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How Do I Properly Load a Dishwasher?

Best Performing Dishwashers

Let’s get one thing out of the way first: we know we aren’t going to solve any household arguments with this article. People are set in their ways and one article won’t change that. Sorry.

But for those of you who are genuinely curious as to how to properly load a dishwasher—i.e. how to load it to ensure dishes end up well-cleaned—the experts at Nebraska Home Appliance are here to help.

The #1 Thing to Remember

Take your time. The dishwasher is already saving you so much time, surely you can give it a few minutes of your time to load it with thought and care?

The reason most dishwashers fill up quickly is that dishes are tossed in haphazardly. Not only are you failing to maximize space in the dishwasher, haphazard placement ensures at least some dishes are going to come out still soiled. So, take your time: pull the rack out fully, look at where other dishes are currently placed, and place accordingly.

Cups

  • Need we say the obvious? Bottoms-up. And avoid laying cups on top of other cups—cups can be jarred loose and pool up with water, or they can bump other cups and chip.
  • Always place cups on the top rack. The top rack is specifically designed to angle cups towards the jets of water from the sprayer arm.

Plates

  • Always put plates on the bottom rack, even if the plate is small. For starters, the bottom-rack tines are designed to position plates in such a way that they are hit just right by the sprayer arm. What’s more, plates are flat. It sounds like a stupid observation but remember that the insides of cups are cleaned by water from the bottom sprayer arm, and flat plates do not obstruct that water flow. And because the dishwasher drains from the bottom, plates also don’t obstruct the flow of water, carrying detergent and food debris, back down. So, fill the bottom rack with all the plates you have.
  • Follow the tines. They will be arranged in such a way that the dirty side of the plate faces the center of the dishwasher. There’s no need to further angle or put gaps between plates, the goal is neat rows of plates that make use of every slot. Grouping plates by size helps, for both loading and unloading.

Bowls and Other Rounded Dishes

Bowls are the real challenge, as there are few hard-and-fast rules for them. It is usually recommended that you place small bowls in the tines on the top rack, and larger bowls around the sides of the bottom rack. Some bowls are relatively shallow though, and even if small can be stacked in the bottom rack along with the plates. Use your discretion.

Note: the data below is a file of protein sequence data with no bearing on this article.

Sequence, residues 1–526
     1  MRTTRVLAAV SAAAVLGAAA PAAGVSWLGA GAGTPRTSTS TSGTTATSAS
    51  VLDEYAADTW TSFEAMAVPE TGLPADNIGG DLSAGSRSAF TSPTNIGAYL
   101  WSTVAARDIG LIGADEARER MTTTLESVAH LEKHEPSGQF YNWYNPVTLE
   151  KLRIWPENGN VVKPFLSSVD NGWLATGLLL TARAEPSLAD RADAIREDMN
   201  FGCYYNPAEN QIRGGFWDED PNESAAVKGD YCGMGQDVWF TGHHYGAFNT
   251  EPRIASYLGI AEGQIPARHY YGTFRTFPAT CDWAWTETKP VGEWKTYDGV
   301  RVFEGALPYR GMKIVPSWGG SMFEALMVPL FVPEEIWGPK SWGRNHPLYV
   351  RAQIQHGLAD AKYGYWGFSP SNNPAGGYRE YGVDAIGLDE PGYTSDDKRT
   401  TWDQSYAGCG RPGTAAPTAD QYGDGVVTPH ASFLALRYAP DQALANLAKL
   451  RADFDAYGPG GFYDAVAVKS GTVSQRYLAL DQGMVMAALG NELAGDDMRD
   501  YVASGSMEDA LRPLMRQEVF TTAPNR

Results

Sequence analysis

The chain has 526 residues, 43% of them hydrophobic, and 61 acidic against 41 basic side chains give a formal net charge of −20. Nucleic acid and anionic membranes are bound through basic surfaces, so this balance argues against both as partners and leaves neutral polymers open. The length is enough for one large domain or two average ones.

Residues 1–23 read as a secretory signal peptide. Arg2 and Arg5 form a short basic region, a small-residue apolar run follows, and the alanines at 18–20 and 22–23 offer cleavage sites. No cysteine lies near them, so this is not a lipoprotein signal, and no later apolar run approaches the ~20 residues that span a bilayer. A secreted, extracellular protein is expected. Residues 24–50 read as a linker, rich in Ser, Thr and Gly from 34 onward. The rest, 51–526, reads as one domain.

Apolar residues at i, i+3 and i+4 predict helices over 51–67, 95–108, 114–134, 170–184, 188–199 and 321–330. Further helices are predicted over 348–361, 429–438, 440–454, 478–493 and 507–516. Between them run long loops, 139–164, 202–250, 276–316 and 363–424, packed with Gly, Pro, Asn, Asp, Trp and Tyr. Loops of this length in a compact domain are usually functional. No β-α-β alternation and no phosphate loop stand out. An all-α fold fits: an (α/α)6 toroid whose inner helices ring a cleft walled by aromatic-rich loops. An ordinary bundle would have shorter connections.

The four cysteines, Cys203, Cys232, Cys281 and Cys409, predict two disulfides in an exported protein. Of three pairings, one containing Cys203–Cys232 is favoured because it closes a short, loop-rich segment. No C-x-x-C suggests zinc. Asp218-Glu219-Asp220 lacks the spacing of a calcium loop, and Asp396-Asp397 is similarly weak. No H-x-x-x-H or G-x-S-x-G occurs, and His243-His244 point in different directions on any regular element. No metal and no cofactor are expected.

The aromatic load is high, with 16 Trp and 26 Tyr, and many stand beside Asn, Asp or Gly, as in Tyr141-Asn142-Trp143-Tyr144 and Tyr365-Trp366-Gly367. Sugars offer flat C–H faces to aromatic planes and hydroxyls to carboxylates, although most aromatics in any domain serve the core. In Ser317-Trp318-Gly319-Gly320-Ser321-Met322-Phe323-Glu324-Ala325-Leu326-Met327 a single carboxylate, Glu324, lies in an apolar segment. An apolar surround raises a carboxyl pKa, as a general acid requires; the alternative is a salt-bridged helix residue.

As with plates, make use of every slot, there is no need to further angle or leave gaps between bowls. And as always place the dirty side of the dish facing towards the center of the dishwasher and angled down in such a way that water will not collect in it. The rows of tines will be designed with this in mind.

Dishwasher-Safe Plastics

  • Avoid putting on the bottom rack. The heating element is at the bottom of the dishwasher, and placing plastics on the bottom rack, right above the heating element, can cause them to warp.
  • Always lay plastic containers flat on the rack, concave side down. If you stack them on top of cups or lay them sideways, the water coursing through the dishwasher can right them, leaving you with a disgusting pool of water to dispose of.

Silverware

  • Handles down, folks. Do you really think that tangled thicket of tines and blades wedged together into the bottom of the basket is the best way to clean silverware? Placing forks, spoons, and butter knives handle-down in the basket ensures there is room for water to flow around every part of your silverware. If you’re worried about poking your hand on a fork, slow down.
  • Sharp knives are the one exception where you should place the handles up. That said, it is recommended you hand-wash sharp knives as it can better preserve the blade edge.
  • Mix the silverware up. Although it is tempting to sort the silverware by type as you place it in, that’s a sure way to end up with nested spoons that don’t get clean.

Don’t Overload

Packing in as many dishes as possible runs two risks:

  • Disrupting the flow of water and detergent through the dishwasher tub, which prevents some dishes from getting clean
  • Breaking or chipping dishes (remember, dishes are being sprayed with jets of water, and water can push things around)

If you can’t find room for certain items, relax, the sink still works for washing dishes. In fact, many items should never go in a dishwasher:

  • Anything made with wood, too much soaking in hot water causes wood to warp and crack
  • Brass, bronze, copper, pewter, which is easily discolored in dishwashers
  • Large kitchen knives, and sharp knives in general, as they can be damaged by the heat and chemicals
  • Pots and pans without dishwasher-safe indication on bottom
  • Insulated mugs without a dishwasher-safe indication, as their vacuum-seal can be damaged, reducing their thermal-retentive qualities
  • Cast-iron cookware, removes the seasoning that makes cast-iron work
  • Nonstick pans, similar to cast-iron, though the manufacturer may say they’re dishwasher-safe, better safe than sorry

Need More Help?

Find your user manual, whether in a drawer in your home or online. Many manufacturers include diagrams and instructions for loading their dishwashers. Not every dishwasher is set up exactly the same, so it’s best to let the manufacturer be the final judge of whether a bowl can go in the bottom rack.